Q: Isn’t “mistress of ceremonies” misleading or just plain wrong? If a woman is hosting an event, isn’t she still a “master of ceremonies”?
A: I wouldn’t say “mistress of ceremonies” is misleading or wrong, just unnecessary. It’s the result of the misperception that a “master of ceremonies” must be a guy.
The three dictionaries I consult the most—The American Heritage Dictionary of the English Language (4th ed.), Merriam-Webster’s Collegiate Dictionary (11th ed.), and the Oxford English Dictionary—all define “master of ceremonies” as a person who hosts an event. That’s “a person,” not necessarily a man.
If people can’t get their heads around the idea of calling a woman a “master of ceremonies,” what’s wrong with “emcee” or “M.C.”? Or, for that matter, “host” (please, not “hostess”)?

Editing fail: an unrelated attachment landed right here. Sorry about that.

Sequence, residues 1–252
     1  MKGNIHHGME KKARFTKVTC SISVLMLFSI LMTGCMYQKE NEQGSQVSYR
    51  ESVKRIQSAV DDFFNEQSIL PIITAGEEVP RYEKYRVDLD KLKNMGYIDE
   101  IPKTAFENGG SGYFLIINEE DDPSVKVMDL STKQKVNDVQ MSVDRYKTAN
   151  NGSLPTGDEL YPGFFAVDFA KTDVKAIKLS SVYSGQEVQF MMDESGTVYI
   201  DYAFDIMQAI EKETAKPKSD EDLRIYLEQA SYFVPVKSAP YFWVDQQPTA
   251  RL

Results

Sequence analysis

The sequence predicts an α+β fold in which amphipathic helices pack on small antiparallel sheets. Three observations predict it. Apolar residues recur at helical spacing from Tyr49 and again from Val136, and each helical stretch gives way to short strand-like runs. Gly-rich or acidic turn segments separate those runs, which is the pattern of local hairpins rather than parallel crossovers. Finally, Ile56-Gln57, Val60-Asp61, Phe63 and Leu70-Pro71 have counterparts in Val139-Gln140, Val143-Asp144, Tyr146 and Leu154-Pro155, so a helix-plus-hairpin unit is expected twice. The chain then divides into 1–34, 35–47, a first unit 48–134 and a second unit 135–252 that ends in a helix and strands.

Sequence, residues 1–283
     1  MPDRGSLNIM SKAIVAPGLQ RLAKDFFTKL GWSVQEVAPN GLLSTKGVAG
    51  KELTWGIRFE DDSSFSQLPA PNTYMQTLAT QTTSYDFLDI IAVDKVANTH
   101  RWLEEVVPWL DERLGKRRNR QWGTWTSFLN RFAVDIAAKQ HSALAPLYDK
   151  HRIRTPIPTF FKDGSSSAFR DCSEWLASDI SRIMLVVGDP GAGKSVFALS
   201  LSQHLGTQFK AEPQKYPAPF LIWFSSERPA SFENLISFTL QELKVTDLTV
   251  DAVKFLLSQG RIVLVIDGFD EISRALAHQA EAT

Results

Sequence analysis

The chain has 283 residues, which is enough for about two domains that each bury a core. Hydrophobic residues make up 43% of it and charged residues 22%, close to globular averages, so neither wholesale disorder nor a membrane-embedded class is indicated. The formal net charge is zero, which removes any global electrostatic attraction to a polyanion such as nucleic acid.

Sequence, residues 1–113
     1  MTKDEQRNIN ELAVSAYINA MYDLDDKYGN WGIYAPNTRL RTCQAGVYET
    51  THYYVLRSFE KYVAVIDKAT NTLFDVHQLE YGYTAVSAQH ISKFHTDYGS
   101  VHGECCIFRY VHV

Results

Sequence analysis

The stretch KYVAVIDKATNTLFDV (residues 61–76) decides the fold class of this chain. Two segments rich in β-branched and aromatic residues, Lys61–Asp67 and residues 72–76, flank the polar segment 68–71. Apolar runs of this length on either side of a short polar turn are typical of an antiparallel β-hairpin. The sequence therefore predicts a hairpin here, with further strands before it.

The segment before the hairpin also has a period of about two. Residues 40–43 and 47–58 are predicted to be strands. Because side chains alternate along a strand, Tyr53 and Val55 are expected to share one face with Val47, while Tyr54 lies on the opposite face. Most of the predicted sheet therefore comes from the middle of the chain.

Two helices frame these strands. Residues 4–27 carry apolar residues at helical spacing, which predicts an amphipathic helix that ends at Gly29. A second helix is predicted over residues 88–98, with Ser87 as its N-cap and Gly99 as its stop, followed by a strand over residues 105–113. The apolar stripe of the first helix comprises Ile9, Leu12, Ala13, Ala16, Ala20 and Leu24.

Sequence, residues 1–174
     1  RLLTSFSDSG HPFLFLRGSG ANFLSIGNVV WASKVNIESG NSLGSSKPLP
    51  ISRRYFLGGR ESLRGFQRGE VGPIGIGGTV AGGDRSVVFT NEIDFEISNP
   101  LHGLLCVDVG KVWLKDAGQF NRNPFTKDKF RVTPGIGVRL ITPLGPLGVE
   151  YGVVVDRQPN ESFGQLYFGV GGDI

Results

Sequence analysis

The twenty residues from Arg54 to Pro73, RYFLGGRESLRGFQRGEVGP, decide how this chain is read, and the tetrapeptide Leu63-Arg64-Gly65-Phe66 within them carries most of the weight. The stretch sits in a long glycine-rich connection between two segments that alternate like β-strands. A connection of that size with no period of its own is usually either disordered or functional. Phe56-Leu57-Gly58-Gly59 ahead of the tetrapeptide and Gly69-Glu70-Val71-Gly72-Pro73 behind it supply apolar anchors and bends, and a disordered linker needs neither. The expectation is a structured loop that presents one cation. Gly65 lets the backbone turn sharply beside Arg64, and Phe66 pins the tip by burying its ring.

Although the term “mistress of ceremonies” isn’t uncommon (I got more than 200,000 hits for it on Google), only one of the three dictionaries mentioned above has an entry for it.
Merriam-Webster’s, which dates the phrase to 1952, defines “mistress of ceremonies” as a woman who presides at a public ceremony or entertainment.
The OED says the word “master” was “originally applied almost exclusively to men,” but “its meaning has been extended to include women (either potentially or in fact) in many of the senses illustrated.”
American Heritage, in a usage note with its entry for “master,” cites many compounds that use the word in a gender-neutral way: “masterpiece,” “mastermind,” “master plan,” and so on.
The expression “master of ceremonies” (originally “master of the ceremonies”) first showed up in print in the early 17th century, according to the OED.
Initially, it referred to “an officer of the British royal household who superintended state ceremonies and was responsible for the enforcement of court etiquette.”
An early citation for the expression used in its modern sense is from Jane Austen’s novel Northanger Abbey (written at the end of the 18th century): “The master of the ceremonies introduced to her a very gentlemanlike young man as a partner.”